As a student, scholar, or educator, employing anti-racist strategies in your work makes your work more accessible to those outside of your social group and helps advance equity in scholarship. This page contains resources designed to help identify bias, write in a way that is more inclusive of all groups, and help researchers include more diverse resources in their body of research.
Hover your mouse over the for a description of the resource.
Everyone has biases that are born from their life experiences. Many of these biases are unconscious and affect how we as students and scholars interact with the information we consume. Discovering your implicit biases and learning how to address them is an important step in becoming an actively anti-racist writer.
These reading and resource lists provide information on a diverse set of resources to help people branch out of their comfort zone. They can help you discover resources related to anti-racism across the learning spectrum.
Language that perpetuates oppression:
1. Avoids discussing differences
2. Erases differences
3. Assumes uniform readership
4. Minimizes significance of discrimination
5. Speaks of oppression as only in the past
7. Presents stereotypes as evidence
8. Disrespects sources from "other" perspectives
9. Fails to distinguish sources’ views from writers; own
10. Misunderstands or misrelates sources' views
Suhr-Sytsma, A. & Brown, S.E. (2011) Theory in/to practice: addressing the everyday language of oppression int he writing center. Writing Center Journal 31(2). https://link.gale.com/apps/doc/A356452954/AONE?u=klnb_fhsuniv&sid=AONE&xid=708f58ee
You can reduce bias in scholarly writing by:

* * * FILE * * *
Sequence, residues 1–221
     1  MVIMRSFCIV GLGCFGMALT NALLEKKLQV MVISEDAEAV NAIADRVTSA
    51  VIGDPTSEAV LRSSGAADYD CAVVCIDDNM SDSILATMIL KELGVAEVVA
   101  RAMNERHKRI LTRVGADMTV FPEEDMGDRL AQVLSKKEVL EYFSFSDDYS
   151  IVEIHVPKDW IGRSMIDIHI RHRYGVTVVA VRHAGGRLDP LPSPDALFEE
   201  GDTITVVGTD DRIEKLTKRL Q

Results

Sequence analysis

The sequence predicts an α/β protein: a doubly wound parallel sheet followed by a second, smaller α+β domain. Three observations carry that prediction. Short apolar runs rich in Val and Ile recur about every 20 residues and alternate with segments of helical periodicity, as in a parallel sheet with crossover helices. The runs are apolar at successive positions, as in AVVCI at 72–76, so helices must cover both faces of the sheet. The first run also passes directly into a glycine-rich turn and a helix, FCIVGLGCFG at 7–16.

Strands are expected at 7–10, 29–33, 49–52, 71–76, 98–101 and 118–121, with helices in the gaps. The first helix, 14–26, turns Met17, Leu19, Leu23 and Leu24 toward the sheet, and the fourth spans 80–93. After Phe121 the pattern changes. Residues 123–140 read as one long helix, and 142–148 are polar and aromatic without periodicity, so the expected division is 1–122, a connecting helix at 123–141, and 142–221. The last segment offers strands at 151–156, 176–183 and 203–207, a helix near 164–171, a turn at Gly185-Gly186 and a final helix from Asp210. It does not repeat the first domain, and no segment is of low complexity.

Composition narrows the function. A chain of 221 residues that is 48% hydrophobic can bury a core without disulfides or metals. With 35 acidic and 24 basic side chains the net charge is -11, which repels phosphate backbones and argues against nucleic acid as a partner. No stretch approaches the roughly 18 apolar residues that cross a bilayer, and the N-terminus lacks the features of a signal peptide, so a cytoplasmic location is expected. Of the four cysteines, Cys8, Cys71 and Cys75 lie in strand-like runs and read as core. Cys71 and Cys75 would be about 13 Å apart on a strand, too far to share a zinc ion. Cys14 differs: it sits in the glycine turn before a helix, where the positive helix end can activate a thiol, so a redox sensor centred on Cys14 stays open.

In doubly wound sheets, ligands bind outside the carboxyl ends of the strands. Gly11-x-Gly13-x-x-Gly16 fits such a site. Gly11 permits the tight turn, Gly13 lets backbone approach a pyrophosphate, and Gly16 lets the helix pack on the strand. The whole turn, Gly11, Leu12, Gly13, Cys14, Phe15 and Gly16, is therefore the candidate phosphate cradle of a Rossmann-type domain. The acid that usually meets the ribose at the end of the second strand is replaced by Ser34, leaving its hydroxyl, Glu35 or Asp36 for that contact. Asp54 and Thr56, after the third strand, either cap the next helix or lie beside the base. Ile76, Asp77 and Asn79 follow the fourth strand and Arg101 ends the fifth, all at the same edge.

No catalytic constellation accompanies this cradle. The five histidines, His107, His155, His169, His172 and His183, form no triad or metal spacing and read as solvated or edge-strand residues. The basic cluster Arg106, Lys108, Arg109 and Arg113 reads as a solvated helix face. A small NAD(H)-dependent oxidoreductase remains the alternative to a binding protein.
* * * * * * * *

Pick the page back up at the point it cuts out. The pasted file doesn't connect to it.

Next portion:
1. Actively choosing clear and inclusive terms. e.g. refer to human beings as "people" or "individuals" not as "man" or "mankind" which excludes other genders.
2. Choosing labels carefully. Use the labels community members have chosen for themselves. Be aware that language can evolve over time.When in doubt, consult advocacy groups from within the community you are discussing so you can choose the appropriate language.
3. Avoiding dehumanizing language. Using nouns to label people has the effect of erasing their humanity. Do not refer to people as colors or use pejorative terms. e.g. "criminals" vs. "people with a criminal record" or "illegal aliens" vs. "undocumented immigrants."
4. Referring to non-White racial and ethnic groups by their specific names rather than treating them as a collective. e.g. referring to everyone who lives on the continent of Asia as "Asians" rather than by their nationality or lumping all Native Americans together irrespective of tribal affiliation.
American Psychological Association. (2020). Bias Free Language. APA Style Blog. https://apastyle.apa.org/style-grammar-guidelines/bias-free-language
Anti-Racist Writing Strategies E-books